5) Letters in winning word of Scripps Mational Spelling Bee correlates with the number of people killed by venomous spiders.

6) How voting-machine errors reflect a wider crisis for American democracy [Source: The New Yorker]

It’s being said that voting machines in Texas were flipping ballots cast for Beto O’Rourke over to Ted Cruz, and machines in Georgia were changing votes for the Democratic gubernatorial candidate Stacey Abrams to those for her Republican opponent, Brian Kemp. It would not have been unreasonable to suppose that those machines had been hacked. Also, the irony here is that these particular vote-flipping machines were deployed across the country in response to the monumental failure of punch-card voting machines during the 2000 Presidential election, when so-called hanging chads very likely resulted in the wrong man winning.

The voting machines purchased back in the early two-thousands were never meant to last this long. They have a shelf life of ten, maybe fifteen years. Many are no longer made, or the companies that manufactured them have gone out of business, or both. To get spare parts, election officials have had to scour eBay and Craigslist, looking for old machines that other municipalities have discarded.

The United States has a long history of denying the vote to whole groups of people — especially women, people of color, and the poor. Poll taxes, literacy exams, and property deeds have been replaced by voter-I.D. laws, polling-place closures, and state-sanctioned efforts to curtail voter registration. Most recently, this has been a Republican strategy to grab and hold on to power, one best explained by the conservative operative Paul Weyrich when he was plotting Ronald Reagan’s path to victory, in 1980: “I don’t want everybody to vote... our leverage in the elections quite candidly goes up as the voting populace goes down.”

What we’re seeing now, as that strategy comes to fruition, and entrenched social and economic inequalities undermine the ability of whole swaths of citizens to cast a ballot, is a concerted effort to make sure that our election system does not work for everyone. Voting machines that flip votes don’t need to be hacked by a malicious foreign actor to undermine public confidence in the integrity of our democracy. That’s being done for Americans, by Americans.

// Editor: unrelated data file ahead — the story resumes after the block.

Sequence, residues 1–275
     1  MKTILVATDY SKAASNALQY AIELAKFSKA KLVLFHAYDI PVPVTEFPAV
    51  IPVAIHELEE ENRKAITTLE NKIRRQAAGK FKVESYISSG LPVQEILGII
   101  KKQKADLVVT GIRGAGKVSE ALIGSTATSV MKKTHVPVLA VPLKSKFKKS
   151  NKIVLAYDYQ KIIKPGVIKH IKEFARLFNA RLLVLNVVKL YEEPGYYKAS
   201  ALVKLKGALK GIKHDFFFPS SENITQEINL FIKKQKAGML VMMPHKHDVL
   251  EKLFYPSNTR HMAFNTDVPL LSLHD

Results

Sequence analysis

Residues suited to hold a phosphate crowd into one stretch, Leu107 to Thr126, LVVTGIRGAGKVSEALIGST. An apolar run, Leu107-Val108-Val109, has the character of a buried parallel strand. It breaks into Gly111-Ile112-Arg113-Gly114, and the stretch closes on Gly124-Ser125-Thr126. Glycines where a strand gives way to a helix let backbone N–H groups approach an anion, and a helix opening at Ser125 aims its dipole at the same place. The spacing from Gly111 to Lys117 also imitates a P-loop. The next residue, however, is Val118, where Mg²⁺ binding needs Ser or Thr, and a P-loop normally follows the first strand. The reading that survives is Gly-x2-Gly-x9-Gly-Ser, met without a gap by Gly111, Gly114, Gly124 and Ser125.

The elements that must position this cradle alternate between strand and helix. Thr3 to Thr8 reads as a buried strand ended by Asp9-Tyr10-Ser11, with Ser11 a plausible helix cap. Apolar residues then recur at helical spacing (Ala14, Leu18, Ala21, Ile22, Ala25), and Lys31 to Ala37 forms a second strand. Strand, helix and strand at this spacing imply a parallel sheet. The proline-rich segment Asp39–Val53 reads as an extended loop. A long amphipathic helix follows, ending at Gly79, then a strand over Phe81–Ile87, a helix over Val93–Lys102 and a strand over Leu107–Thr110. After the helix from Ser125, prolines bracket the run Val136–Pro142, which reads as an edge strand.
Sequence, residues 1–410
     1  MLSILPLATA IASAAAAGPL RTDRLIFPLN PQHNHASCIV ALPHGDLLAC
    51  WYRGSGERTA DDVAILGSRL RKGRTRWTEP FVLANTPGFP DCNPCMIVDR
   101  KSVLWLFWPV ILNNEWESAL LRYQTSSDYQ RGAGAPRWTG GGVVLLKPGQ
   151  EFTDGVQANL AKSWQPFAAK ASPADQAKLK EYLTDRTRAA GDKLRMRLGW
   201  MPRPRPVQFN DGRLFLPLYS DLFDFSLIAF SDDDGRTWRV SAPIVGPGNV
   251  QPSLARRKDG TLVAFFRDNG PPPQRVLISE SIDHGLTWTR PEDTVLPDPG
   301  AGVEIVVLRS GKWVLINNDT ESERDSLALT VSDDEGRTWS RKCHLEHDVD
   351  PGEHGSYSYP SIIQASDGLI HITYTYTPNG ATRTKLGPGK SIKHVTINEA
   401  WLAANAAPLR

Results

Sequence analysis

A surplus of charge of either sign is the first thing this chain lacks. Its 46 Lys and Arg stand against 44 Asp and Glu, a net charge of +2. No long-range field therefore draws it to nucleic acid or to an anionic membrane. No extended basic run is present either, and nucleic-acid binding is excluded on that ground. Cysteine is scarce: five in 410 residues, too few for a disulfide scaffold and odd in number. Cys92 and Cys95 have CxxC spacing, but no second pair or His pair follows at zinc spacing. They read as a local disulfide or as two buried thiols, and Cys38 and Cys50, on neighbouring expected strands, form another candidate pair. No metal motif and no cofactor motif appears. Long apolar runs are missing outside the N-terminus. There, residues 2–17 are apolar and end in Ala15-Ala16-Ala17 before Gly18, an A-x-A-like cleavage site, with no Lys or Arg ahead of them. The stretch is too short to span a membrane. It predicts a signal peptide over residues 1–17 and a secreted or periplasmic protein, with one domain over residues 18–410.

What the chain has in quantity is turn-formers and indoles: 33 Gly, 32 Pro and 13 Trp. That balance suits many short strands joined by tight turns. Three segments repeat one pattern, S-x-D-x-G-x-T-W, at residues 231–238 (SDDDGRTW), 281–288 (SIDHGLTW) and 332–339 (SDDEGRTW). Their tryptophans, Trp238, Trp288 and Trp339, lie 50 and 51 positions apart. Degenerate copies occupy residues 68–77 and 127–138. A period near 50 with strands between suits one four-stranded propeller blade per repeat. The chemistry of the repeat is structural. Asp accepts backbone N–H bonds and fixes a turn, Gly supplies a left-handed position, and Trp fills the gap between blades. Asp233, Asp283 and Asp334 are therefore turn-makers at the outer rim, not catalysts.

7) WhatsApp and misinformation are a threat to fragile democracies [Source: Bloomberg]

Facebook Inc.-owned WhatsApp, in particular, has become the main vehicle for the internecine spats that happen elsewhere on Twitter or Facebook. This piece talks about how social media and more importantly, fake news, is playing an important role in Brazil’s politics. Brazil has more internet users than any country in Latin America and a long tradition of early social media adoption. As of July, WhatsApp had 120 million active users in Brazil, only 7 million shy of Facebook’s tally.

In the October presidential election, Jair Bolsonaro, the far-right head of the Social Liberal Party and a former Army captain, won the October 28 runoff with 55.1% of the total, besting leftist Workers’ Party candidate Fernando Haddad, a substitute candidate for the Workers’ Party, whose former leader, Luiz Inácio “Lula” da Silva, is in jail on corruption charges. It’s impossible to quantify how much of a lift Bolsonaro got from fake news, and his supporters say such claims are overstated. However big the bump, the spread of misinformation on social media could pose a long-term threat to democratic norms and institutions.

Politics in Latin America’s biggest economy have always been fragmented—no fewer than 13 parties contested the presidency—but it’s difficult to recall a time when they’ve been this polarized. In the run-up to the election, WhatsApp’s privacy features turned it into an impenetrable candyland of misinformation. When the 24 Brazilian newsrooms participating in Comprova—a project of the Shorenstein Center on Media, Politics and Public Policy, funded by Google and Facebook—asked users to flag WhatsApp messages that appeared to be fake news, they received more than 60,000 submissions in two months.

A lot could change in Brazil by 2022, though. Bolsonaro’s antidemocratic rhetoric augurs ill—not long after winning the runoff, he attacked Folha de São Paulo, saying, “This newspaper is over.” With him in power, McCann predicts, the country “will become more partisan and atomized.”

8) The irresistible urge to build cities from scratch [Source: Bloomberg]

With growing population, everyone’s looking to create new cities with better facilities. Urban planners are coming up with innovative ideas to better the architecture. When the Persians destroyed Hippodamus’ hometown of Miletus, he discovered a bright side to catastrophe: The attackers had erased all the regrettable improvisations that, over the centuries, had made a mess of the place. Tasked with rebuilding, he seized his chance to impose order upon chaos. And so the concept of the urban grid was born.